One of the world's biggest casino operators issued an angry rebuke last night after a United States trade union boss accused it of allowing organised crime-linked junket operators to do business at its Macau property.
Jeff Fiedler, the man behind a short-lived 2012 US-based whistle-blowing-style website which had aimed to lift the lid on gangland involvement in casinos and lax gaming regulation, has accused Wynn Macau of allowing known associates of 14K triad boss "Broken Tooth" Wan Kuok-koi to promote VIP gaming in its Macau property.
Fiedler, who is director of special projects and initiatives for the International Union of Operating Engineers (IUOE), which represents engineers in casinos in Nevada - also accused the Macau Gaming Inspection and Coordination Bureau (DICJ) of failing to determine properly what is or is not a "suitable'' junket operator.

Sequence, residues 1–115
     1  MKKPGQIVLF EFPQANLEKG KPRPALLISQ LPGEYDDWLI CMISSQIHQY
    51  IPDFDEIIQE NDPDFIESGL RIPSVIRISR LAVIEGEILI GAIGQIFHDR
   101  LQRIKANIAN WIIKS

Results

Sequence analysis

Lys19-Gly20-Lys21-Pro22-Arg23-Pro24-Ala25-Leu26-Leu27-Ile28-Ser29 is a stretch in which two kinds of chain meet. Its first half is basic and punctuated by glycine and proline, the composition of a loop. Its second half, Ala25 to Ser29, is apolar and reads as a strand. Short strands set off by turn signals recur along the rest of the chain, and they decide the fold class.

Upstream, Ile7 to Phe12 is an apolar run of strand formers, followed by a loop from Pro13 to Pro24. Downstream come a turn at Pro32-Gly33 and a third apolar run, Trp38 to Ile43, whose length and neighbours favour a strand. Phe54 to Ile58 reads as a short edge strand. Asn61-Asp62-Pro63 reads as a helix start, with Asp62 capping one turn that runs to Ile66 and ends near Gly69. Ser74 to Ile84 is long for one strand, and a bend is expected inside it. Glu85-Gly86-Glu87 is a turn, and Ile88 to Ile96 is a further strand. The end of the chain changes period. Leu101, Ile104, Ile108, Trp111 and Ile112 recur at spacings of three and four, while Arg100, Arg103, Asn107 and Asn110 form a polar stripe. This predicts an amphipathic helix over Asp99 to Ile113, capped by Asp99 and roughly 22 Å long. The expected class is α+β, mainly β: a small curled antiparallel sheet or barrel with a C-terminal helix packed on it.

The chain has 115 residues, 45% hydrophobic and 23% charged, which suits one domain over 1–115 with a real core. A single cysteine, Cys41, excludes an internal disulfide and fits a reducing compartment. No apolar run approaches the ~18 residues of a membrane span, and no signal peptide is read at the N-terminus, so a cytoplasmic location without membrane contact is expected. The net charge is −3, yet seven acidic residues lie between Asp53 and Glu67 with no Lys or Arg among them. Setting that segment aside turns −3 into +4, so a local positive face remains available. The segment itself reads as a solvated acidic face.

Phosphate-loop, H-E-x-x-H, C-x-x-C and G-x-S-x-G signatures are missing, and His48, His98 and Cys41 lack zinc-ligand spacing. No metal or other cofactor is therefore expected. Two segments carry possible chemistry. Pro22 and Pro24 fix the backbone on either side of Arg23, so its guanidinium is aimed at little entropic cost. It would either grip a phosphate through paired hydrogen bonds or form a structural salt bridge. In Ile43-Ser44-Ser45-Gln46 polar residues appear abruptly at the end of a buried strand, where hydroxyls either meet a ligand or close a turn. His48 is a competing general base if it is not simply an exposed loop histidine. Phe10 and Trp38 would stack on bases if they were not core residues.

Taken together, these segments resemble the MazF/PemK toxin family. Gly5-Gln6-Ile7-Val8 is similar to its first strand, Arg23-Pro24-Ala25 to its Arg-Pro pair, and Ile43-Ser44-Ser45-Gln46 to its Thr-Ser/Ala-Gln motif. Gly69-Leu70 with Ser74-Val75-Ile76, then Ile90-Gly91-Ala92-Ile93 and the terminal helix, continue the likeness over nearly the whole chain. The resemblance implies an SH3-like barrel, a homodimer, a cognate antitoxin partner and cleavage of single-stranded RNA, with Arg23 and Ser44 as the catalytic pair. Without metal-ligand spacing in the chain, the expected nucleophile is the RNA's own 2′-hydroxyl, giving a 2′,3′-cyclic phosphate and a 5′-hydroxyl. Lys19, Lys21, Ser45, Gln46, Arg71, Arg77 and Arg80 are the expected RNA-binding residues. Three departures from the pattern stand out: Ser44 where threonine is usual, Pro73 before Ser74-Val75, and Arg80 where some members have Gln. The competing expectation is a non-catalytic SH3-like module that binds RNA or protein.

In a letter delivered to the DICJ's director, Manuel Joaquim das Neves yesterday, Fiedler questions "how both the DICJ's and Wynn Macau's compliance departments cleared as 'suitable' a junket operator who has been in business partnerships with members of the 14K triad convicted of triad crimes in Macau."
But last night Wynn Macau lashed out at what they described as "reckless'' accusations.
"Mr Fiedler's latest actions are those of a bitter, unsuccessful union boss who lost representation of employees in Mr [Steve] Wynn's prior company, Mirage Resorts," said a statement.
"The Operating Engineers have been unable to persuade our Las Vegas employees to support their union. These allegations are merely the latest in a series of reckless actions by Mr Fiedler, all of which lack any credibility and are unworthy of further response.
"While Mr Fiedler was able to bully MGM Resorts into surrendering, he will be unable to bully Wynn Resorts. If Mr Fiedler has the courage to accuse us directly of misconduct, we will respond in court at once."
The controversy comes at the end of an eventful week for Macau, which has seen shares in the normally well-performing casino companies take a hit amid fears of a crackdown on illegal cash transfers via China's huge and only payment card, UnionPay.
Triad boss Wan was released from prison in December 2012 after serving more than 14 years for organised crime offences in Macau before its handover to China in 1999.
The Macau Gaming Inspection and Coordination Bureau had not responded to questions by press time last night.